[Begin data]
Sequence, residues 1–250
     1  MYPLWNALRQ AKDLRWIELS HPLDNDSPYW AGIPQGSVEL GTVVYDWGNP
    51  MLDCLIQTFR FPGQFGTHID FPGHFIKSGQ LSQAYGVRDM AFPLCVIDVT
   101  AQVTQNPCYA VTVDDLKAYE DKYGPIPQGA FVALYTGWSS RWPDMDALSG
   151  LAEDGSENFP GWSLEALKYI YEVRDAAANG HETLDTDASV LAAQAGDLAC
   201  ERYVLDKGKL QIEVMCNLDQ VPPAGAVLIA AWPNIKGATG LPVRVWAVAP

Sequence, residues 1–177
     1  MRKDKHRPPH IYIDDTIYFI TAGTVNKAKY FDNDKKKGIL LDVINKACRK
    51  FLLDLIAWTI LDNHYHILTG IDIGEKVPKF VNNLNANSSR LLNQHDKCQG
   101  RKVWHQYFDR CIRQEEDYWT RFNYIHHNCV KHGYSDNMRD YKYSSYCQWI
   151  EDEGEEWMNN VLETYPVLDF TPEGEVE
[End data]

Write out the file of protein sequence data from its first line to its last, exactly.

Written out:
Sequence, residues 1–250
     1  MYPLWNALRQ AKDLRWIELS HPLDNDSPYW AGIPQGSVEL GTVVYDWGNP
    51  MLDCLIQTFR FPGQFGTHID FPGHFIKSGQ LSQAYGVRDM AFPLCVIDVT
   101  AQVTQNPCYA VTVDDLKAYE DKYGPIPQGA FVALYTGWSS RWPDMDALSG
   151  LAEDGSENFP GWSLEALKYI YEVRDAAANG HETLDTDASV LAAQAGDLAC
   201  ERYVLDKGKL QIEVMCNLDQ VPPAGAVLIA AWPNIKGATG LPVRVWAVAP

Sequence, residues 1–177
     1  MRKDKHRPPH IYIDDTIYFI TAGTVNKAKY FDNDKKKGIL LDVINKACRK
    51  FLLDLIAWTI LDNHYHILTG IDIGEKVPKF VNNLNANSSR LLNQHDKCQG
   101  RKVWHQYFDR CIRQEEDYWT RFNYIHHNCV KHGYSDNMRD YKYSSYCQWI
   151  EDEGEEWMNN VLETYPVLDF TPEGEVE